November 8, 2018 1:54 pm
Updated: November 8, 2018 1:55 pm

Canadian farmers face obstacle course of challenges with trade deals, climate change

The future of farming in Canada is positive but there are still many challenges for farmers. In the conclusion of her three part series on the future of farming in Canada, Lindsay Biscaia takes a look at some of the obstacles farmers face.

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Whether it’s unpredictable weather, physical labour, or the price of land, being a farmer is no easy feat.

READ MORE: Canadian farmers lead the pack in innovation and creative land use

And with the new United States-Mexico-Canada Agreement, Canadian dairy farmers say one more hurdle just formed.

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Through the new agreement, American dairy and poultry farmers will soon have up to 3.9 per cent access to the Canadian dairy market.

According to dairy farmer Will Vanderhorst of Norwood, Ont., it’s a change which could affect the future of the dairy industry in Canada. He is a board member with the Dairy Farmers of Ontario.

“Would I encourage my sons or daughters to enter the dairy industry when our industry continues to be whittled away and given up to other countries’ products?” he asked, “I think that’s the mean concern.”

READ MORE: Dairy Farmers of Ontario slams USMCA trade deal

Pat Learmonth, director of Farms at Work, a Peterborough, Ont., organization aimed at connecting and helping local farmers, believes one of the biggest challenges in the industry today is how to make a living as a farmer.

“It’s always been tough, because of things like the weather,” she said. “But now, I think that because the economy for food is so global, people are trying to compete against food that’s coming from other places where their costs of production are very different.”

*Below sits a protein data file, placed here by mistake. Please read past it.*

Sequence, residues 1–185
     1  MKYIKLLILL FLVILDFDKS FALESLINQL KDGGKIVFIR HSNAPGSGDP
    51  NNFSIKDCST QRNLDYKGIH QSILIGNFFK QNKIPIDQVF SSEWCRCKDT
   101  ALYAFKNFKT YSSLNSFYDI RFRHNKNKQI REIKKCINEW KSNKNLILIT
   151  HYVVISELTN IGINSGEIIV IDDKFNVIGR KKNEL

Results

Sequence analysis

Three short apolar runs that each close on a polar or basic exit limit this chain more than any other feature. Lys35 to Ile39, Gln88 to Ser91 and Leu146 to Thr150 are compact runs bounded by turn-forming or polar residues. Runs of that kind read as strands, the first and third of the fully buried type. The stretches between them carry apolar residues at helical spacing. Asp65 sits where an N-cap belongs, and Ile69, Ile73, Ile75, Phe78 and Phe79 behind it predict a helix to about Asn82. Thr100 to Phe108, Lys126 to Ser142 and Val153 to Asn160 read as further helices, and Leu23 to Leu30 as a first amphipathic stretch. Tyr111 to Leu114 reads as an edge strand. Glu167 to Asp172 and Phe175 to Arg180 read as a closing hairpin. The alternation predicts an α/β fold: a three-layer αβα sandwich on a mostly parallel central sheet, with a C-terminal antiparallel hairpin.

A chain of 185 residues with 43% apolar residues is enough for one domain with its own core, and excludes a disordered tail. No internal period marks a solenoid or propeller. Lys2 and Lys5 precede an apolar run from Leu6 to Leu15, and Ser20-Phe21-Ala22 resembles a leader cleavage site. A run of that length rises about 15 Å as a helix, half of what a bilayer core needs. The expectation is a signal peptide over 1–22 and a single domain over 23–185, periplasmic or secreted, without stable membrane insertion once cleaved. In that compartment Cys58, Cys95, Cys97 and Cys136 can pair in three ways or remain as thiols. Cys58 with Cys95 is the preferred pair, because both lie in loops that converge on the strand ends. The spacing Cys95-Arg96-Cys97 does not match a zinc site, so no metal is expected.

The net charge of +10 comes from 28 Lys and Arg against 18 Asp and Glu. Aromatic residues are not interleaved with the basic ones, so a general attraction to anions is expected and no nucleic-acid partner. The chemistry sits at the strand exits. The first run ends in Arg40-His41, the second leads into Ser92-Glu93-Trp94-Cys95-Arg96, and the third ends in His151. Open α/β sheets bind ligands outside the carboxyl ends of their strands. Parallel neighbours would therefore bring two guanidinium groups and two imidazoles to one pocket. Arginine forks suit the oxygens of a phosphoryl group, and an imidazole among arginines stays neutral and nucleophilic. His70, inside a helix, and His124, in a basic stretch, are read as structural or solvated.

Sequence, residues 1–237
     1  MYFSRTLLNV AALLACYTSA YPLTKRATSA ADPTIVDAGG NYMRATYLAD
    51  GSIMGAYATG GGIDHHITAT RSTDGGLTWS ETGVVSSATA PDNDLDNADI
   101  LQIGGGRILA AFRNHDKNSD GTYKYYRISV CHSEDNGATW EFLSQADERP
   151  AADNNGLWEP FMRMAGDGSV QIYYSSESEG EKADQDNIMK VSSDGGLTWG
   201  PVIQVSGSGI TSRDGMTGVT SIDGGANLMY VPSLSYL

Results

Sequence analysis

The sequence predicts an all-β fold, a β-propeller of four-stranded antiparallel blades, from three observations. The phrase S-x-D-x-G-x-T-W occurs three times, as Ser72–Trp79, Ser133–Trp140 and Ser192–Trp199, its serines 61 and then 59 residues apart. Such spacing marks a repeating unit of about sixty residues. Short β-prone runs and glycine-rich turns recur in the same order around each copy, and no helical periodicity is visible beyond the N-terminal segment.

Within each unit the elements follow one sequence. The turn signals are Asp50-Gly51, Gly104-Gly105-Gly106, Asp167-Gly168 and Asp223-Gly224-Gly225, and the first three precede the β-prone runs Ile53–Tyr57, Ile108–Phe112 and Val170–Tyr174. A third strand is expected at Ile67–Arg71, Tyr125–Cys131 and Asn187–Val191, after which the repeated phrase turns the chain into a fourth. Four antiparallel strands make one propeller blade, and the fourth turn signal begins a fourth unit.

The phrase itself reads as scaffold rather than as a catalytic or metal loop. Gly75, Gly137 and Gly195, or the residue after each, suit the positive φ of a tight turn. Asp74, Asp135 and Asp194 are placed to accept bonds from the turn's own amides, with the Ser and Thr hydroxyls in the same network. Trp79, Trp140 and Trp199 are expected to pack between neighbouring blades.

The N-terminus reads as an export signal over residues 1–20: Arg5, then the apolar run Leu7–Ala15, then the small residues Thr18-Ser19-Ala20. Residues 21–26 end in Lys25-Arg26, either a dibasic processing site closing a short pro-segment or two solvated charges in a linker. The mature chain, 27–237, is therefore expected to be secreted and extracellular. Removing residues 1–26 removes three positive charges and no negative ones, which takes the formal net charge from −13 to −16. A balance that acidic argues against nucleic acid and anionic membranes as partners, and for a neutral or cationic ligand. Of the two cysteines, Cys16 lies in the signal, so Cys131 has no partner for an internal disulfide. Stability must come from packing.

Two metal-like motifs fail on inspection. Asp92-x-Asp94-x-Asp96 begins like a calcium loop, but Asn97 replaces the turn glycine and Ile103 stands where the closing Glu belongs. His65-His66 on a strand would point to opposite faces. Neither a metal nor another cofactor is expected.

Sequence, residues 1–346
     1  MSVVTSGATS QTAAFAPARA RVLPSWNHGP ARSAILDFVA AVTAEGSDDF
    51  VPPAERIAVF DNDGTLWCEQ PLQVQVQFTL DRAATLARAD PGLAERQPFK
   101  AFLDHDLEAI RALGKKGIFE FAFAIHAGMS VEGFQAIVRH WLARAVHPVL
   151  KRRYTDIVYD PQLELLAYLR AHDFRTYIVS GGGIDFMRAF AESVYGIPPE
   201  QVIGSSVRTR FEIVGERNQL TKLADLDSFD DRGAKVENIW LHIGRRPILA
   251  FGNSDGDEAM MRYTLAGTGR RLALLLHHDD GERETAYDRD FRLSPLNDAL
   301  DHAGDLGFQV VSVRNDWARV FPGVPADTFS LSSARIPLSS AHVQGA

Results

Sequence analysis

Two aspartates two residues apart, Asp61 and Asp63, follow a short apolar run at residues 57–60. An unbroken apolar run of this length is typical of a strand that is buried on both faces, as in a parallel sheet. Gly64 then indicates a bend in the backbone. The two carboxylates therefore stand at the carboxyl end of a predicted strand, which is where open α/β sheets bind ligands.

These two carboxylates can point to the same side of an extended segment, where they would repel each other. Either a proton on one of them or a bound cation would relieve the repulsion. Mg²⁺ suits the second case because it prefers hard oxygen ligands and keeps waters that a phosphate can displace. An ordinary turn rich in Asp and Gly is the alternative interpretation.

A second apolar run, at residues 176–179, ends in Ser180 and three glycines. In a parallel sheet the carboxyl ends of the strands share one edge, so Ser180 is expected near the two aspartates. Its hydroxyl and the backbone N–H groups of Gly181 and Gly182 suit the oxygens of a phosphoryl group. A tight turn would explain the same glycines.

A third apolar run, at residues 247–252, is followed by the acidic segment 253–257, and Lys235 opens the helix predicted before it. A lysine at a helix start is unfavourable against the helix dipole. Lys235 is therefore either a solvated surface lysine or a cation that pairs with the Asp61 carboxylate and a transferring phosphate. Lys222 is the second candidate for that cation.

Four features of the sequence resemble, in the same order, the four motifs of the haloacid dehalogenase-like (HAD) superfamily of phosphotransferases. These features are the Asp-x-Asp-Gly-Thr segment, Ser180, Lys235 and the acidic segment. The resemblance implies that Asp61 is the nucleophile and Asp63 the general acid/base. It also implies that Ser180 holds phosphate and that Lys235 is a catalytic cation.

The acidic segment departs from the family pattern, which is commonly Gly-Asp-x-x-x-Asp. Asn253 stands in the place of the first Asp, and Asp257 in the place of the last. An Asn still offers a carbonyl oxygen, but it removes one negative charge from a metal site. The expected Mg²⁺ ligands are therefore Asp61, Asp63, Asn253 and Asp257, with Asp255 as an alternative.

Learmonth says consumers have a huge say when it comes to helping local farmers stay afloat.

“As consumers, we need to adjust our thinking about food, and we need to recognize that food is not the same as buying a television from China. People need to eat three times a day, and it’s a matter of life and death,” she added. “So food is everything to people.”

The price of farmland is another factor which Learmonth believes is preventing farmers from expanding their operations.

“Farmland has become an investment, rather than a business plan,” she said.

WATCH: Future of Farming Parts 1-3

Many farmers in the Kawarthas say climate change, which usually results in unpredictable weather, is already creating a challenge.

However, Learmonth has a slightly different take on that situation.

“Climate change is a little bit of a good news, bad news story for us,” she explained. “Because here in Ontario, we actually have more heat units now, and we can actually grow things here a little bit better than we could in the past.”

At the same time, places like California and Mexico are experiencing what Learmonth calls “severe droughts,” which is negatively impacting their farmland. Canada sources much of its fruits and vegetables from California and Mexico.

Learmonth suggests Canadian farmers could start growing foods such as carrots, tomatoes and strawberries for longer periods of time throughout the year.

“If we were to, in fact, replace those imports … and if people were to use their buying power to make conscious decisions every week to just spend a little bit more money buying products that were grown in Ontario … then we could add enormous amounts of money to our own local food economy and rebuild our industry here in Ontario.”

Learmonth says people must speak out to help the agricultural industry in Canada.

“We have to put pressure on our government to take the agricultural sector more seriously.”

© 2018 Global News, a division of Corus Entertainment Inc.

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